So with those dangers noted to avoid, what are some tips for making the most of a commitment to read the Bible more? Great question!


1. Pick a good translation. The language of the King James Version, while it can be beautiful, is often unnecessarily confusing for many. There are so many different options to choose from now. Choose a translation which works for you. (Psst…this is where resources such as the Bible App or BibleGateway.com are helpful because you can try out lots of different translations for free!)

2. Pick an approach that works for you. Maybe you are ready to read through the entire Bible in a year. Maybe you are wanting to study a specific topic or book of the Bible. Perhaps you need a real-life application focus to what you are studying or perhaps you wanting to have multiple commentaries on hand to dig into nitty-gritty of academic interpretation. The approach that God is calling you to do for this moment is the right one.

3. Consider using a plan or Bible study resource as your guide. These can help you stay focused and give you some set parameters to keep you from wandering too far off topic as well as give you a goal to help keep you motivated.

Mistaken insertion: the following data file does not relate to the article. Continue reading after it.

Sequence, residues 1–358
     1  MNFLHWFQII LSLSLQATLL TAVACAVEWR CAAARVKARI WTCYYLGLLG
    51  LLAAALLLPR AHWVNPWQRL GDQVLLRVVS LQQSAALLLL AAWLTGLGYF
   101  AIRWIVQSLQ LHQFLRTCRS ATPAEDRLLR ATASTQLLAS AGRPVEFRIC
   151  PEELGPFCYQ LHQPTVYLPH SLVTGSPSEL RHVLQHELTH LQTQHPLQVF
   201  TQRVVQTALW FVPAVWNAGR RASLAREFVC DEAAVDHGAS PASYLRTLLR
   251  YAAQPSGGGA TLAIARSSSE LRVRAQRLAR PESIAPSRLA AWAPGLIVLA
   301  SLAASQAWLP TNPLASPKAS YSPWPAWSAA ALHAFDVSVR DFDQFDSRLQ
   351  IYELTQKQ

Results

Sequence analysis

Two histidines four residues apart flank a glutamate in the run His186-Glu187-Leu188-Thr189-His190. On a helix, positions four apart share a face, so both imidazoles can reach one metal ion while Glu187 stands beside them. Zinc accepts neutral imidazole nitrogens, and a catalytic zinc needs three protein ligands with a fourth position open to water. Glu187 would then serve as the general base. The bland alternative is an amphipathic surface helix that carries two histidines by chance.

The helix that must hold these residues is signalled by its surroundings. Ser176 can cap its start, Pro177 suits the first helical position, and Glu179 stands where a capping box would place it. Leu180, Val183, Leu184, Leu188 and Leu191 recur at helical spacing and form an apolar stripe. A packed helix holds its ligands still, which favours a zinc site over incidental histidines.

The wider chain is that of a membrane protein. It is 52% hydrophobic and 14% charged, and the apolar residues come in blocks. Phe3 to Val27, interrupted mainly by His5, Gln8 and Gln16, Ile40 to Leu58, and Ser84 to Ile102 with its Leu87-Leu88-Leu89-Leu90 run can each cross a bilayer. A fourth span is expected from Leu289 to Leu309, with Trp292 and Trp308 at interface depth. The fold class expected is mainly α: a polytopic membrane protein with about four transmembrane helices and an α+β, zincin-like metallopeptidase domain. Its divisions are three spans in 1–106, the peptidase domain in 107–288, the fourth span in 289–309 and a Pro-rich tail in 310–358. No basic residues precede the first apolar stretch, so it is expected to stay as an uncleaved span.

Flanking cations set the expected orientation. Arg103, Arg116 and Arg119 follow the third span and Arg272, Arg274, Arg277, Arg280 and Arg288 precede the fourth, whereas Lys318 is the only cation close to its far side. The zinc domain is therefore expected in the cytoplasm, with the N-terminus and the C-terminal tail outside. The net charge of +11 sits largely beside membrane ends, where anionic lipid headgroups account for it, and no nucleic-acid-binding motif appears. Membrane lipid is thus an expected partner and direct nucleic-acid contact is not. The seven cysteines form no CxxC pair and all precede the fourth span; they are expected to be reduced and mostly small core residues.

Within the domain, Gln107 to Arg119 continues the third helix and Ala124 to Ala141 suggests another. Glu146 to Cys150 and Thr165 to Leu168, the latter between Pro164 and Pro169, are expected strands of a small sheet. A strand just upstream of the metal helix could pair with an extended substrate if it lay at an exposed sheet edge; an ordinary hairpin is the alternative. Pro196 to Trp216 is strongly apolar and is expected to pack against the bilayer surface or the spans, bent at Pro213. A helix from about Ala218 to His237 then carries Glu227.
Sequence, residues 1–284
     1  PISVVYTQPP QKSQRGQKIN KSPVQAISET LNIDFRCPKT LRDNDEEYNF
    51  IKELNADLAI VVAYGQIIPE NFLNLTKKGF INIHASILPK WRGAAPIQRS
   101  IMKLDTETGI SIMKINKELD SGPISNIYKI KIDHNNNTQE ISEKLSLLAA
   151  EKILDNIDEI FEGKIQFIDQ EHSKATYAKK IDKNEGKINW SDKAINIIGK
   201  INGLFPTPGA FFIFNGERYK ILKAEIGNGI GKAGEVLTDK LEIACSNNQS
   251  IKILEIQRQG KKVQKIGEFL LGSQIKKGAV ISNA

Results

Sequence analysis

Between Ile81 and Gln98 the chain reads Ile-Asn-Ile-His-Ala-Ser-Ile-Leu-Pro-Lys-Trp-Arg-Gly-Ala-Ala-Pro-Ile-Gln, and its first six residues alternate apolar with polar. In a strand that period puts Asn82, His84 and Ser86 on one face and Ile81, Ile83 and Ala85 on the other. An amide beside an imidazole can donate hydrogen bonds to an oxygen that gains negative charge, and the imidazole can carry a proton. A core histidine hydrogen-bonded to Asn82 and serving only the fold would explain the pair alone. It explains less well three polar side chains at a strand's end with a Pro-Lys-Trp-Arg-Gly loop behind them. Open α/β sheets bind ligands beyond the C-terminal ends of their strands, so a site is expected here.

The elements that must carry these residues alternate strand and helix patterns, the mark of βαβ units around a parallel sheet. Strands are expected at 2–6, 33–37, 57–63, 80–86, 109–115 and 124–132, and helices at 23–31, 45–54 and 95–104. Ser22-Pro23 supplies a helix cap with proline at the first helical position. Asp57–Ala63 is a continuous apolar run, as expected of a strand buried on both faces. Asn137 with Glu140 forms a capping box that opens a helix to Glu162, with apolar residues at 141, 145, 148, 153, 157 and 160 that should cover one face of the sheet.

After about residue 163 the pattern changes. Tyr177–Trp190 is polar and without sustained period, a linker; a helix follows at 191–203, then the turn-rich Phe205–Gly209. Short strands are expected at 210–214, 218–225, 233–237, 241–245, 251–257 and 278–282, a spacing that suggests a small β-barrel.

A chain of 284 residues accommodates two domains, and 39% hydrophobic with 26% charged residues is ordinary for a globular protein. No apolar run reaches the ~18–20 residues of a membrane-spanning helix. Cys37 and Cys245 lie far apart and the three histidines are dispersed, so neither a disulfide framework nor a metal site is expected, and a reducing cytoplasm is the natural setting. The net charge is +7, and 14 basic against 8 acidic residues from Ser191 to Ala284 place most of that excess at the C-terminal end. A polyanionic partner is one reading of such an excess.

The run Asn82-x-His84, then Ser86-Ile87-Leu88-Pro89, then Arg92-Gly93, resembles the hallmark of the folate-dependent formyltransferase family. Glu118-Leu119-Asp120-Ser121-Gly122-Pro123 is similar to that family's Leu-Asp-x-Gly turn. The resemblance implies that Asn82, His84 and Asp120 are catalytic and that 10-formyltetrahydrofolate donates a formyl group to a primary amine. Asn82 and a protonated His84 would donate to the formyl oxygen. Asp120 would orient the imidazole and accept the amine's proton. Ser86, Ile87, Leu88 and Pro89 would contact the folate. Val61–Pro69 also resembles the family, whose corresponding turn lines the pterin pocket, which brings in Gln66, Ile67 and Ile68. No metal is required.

4. Find helpful resources. From trusted, learned friends and pastors to commentaries available in print and online, there are tons of resources out there. Find ones which are helpful to you. The people you connect with should be able to give examples you can relate to and explain things in a way which helps you both understand and think deeper. The print resources you use should use words you can define without the use of a dictionary or a Google search. (Check out the end of THIS article for some great resources!)


Remember, the primary purpose to spending time reading the Bible isn’t so you can sound more holy or put on a good show for God (or your pastor!). The primary purpose to spending time reading the Bible is to spend time listening to what God is trying to speak into your life.


Follow Up

Check out the last video of our Lenten Experience series.



Consider the readings Eric references in the video for this week:

- Monday – Luke 19:28-48

- Tuesday – Luke 20

- Wednesday – Luke 21

- Thursday – Luke 22

- Friday – Luke 23

- Saturday – Luke 24


Check out our Pinterest page for ideas on how to get the most out of the upcoming Holy Week and Easter Season.